People from all walks of life have taken drugs throughout human history, for many reasons, with the most commonly used drugs being alcohol and cannabis. Most substance use does not harm the individual or anyone else. However, in a small percentage of cases, people can experience negative consequences from their substance use, or become physically or psychologically dependent.

There is a broad range of substance use – from abstinence to dependence. An individual’s substance use may change throughout their life, for a variety of reasons.

Regardless of where someone finds themselves on the continuum of drug use, overdose can be a risk depending on the amount consumed and if a combination of substances is consumed. This can happen intentionally or unintentionally, especially given the unpredictable nature of the current unregulated drug supply.

Drug tolerance refers to when a person’s body gets used to a specific dose or quantity of a particular drug, and therefore they require more of the drug to experience the desired or intended effect. Tolerance increases over time with continued drug use and decreases quickly.

Reduced tolerance to opioids creates a serious risk for overdose. Even a few days without using opioids can lead to a significant drop in tolerance. This can happen when someone participates in drug treatment, takes a voluntary break, is incarcerated, becomes ill, or their usual drug supply is otherwise inaccessible. A drop in opioid tolerance means that the body can process only a smaller amount of the specific opioid than what someone previously consumed, without overdosing.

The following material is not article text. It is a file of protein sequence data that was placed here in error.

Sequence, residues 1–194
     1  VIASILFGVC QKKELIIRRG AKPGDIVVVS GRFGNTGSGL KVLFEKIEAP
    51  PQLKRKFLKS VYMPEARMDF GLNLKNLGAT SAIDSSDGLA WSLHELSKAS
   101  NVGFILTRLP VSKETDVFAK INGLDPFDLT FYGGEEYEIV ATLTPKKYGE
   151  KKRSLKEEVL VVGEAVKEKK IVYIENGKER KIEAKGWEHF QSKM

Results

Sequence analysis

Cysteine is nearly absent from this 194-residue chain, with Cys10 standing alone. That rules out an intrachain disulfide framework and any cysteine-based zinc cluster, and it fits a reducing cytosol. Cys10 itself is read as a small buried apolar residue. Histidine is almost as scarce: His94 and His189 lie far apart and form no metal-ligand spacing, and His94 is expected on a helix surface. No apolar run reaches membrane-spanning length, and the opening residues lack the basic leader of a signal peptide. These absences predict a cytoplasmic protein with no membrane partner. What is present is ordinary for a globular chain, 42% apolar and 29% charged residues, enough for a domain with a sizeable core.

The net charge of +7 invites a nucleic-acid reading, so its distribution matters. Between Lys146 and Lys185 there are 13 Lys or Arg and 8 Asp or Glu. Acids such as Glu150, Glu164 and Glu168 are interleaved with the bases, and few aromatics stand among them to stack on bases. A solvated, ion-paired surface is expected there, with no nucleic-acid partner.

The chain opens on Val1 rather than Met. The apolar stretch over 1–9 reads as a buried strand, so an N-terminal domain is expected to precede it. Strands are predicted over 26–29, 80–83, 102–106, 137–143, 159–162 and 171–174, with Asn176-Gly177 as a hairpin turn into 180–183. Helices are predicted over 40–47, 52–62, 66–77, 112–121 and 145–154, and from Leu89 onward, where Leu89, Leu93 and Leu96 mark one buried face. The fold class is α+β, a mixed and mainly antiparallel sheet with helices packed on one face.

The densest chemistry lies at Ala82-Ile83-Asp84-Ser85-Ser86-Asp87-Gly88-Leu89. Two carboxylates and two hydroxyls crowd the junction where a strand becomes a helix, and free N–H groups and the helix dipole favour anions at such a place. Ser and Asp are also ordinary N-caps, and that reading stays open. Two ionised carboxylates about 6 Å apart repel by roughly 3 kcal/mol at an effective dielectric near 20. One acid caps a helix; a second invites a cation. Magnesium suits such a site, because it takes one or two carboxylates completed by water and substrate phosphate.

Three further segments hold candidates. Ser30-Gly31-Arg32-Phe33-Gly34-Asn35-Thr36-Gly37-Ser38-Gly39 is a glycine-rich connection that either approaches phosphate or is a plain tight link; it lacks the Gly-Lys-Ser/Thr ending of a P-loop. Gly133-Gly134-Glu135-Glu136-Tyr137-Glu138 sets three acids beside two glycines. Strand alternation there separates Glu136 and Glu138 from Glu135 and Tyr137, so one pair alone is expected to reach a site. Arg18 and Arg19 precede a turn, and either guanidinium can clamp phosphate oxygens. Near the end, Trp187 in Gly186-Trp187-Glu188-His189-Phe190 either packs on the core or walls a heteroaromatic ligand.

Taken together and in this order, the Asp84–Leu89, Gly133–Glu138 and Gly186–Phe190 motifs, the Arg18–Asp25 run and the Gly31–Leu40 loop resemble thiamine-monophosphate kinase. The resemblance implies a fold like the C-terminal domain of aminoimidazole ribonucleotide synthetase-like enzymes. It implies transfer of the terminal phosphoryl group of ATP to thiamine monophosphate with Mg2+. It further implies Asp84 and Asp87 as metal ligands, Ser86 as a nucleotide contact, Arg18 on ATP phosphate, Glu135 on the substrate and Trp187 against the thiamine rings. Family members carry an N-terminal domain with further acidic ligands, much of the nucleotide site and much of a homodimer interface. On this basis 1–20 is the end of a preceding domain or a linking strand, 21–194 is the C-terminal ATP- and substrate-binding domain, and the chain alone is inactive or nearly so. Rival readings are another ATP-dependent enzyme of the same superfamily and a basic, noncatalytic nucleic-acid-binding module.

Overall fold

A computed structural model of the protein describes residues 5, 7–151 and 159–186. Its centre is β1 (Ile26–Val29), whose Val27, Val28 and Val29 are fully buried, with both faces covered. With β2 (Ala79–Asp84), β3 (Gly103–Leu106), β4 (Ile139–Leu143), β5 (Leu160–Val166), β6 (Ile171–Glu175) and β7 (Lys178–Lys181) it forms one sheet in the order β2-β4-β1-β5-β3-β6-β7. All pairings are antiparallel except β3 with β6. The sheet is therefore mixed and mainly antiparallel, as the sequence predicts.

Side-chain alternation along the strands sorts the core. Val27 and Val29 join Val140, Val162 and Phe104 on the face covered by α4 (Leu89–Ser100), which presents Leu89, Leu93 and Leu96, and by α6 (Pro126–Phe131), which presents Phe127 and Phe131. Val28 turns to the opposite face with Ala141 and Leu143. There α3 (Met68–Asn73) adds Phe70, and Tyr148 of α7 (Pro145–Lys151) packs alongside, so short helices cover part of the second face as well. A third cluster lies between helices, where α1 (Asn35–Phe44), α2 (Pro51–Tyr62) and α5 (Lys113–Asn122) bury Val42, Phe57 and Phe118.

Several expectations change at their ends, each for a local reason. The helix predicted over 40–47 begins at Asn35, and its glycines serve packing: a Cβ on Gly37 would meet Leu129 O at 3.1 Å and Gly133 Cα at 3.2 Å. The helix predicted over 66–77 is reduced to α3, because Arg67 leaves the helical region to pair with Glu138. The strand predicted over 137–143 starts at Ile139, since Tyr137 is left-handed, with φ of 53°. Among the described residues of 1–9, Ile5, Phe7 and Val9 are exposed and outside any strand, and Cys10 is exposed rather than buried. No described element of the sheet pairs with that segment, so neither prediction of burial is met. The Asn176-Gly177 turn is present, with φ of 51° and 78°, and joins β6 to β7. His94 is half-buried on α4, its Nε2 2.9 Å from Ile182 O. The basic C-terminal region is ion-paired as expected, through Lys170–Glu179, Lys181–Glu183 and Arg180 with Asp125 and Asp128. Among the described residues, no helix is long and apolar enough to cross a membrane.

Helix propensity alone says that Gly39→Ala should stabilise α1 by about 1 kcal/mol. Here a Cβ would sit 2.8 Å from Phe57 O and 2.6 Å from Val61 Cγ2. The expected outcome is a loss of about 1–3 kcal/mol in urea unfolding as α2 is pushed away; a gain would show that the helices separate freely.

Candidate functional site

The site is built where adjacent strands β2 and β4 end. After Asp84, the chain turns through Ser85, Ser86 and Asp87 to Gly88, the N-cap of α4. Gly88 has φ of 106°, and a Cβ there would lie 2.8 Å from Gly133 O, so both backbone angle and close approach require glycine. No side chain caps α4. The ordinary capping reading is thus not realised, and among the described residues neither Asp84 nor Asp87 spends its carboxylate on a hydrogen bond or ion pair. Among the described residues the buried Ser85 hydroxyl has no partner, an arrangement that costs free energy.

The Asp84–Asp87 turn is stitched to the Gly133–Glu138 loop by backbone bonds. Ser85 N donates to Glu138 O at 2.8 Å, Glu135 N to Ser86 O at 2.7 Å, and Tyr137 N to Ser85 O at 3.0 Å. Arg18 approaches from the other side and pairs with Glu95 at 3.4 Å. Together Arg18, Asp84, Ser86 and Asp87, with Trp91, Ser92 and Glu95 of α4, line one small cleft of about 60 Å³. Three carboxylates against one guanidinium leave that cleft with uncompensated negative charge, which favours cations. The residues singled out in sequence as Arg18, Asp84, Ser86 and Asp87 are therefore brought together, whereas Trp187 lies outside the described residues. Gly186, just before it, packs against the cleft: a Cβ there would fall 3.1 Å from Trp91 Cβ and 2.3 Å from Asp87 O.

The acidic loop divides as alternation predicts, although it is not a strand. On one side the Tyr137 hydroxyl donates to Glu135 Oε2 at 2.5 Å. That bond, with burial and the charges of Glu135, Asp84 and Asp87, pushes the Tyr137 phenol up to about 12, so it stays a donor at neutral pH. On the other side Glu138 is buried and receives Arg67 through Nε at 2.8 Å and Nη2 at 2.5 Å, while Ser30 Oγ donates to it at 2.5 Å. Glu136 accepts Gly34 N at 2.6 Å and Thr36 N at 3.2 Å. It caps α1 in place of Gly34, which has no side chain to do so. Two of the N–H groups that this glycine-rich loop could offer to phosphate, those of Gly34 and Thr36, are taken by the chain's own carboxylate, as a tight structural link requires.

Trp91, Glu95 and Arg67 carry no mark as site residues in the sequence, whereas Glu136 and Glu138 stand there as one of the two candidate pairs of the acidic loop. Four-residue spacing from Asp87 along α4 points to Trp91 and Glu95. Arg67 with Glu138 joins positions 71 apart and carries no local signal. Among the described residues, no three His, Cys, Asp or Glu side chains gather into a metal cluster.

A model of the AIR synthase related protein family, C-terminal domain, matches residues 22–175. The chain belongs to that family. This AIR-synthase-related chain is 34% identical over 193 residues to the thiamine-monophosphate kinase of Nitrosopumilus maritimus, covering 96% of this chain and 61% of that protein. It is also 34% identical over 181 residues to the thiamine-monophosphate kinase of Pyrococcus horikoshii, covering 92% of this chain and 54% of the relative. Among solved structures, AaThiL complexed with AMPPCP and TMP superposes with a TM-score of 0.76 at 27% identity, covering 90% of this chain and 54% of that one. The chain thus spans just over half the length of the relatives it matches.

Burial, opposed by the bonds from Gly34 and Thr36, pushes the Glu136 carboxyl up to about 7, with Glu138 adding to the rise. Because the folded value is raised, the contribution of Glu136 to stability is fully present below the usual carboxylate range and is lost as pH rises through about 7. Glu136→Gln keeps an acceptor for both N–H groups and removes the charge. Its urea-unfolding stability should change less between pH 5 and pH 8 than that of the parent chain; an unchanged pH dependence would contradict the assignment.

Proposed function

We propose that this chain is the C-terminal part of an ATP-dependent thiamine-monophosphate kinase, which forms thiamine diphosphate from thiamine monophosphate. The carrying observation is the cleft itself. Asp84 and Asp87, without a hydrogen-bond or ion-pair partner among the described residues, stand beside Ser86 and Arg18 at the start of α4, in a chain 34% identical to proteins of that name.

There are three main classes of drugs: depressants, stimulants and hallucinogens (or psychedelics).

  • Depressant drugs, also called “down or downers,” slow down central nervous system activity, reducing arousal and stimulation. Opioids, benzodiazepines and alcohol are all types of depressant drugs. Naloxone does NOT work to reverse the effects of ALL depressants; it only reverses the effect of opioids.
    • Examples of opioids include heroin, fentanyl, fentanyl analogues, hydromorphone (or DilaudidTM), oxycodone, morphine, methadone and SuboxoneTM. Prescribed opioids are used to treat pain, cough, diarrhea, opioid use disorder, and to replace unregulated opioids to provide a safer alternative. Some people use opioids non-medically to feel very relaxed, “high,” less inhibited, or to escape discomfort.
    • Benzodiazepines, sometime referred to as “benzos,” are widely prescribed to treat conditions like insomnia, anxiety, alcohol withdrawal, and seizure disorders. Benzodiazepines can cause feelings of tranquility and physical relaxation. Some examples of pharmaceutical benzodiazepines include lorazepam (or AtivanTM), diazepam (or ValiumTM), and alprazolam (or XanaxTM). Potent unregulated benzodiazepines and benzodiazepine-like substances such as flualprazolam and etizolam have been found in unregulated drug supply samples in Toronto.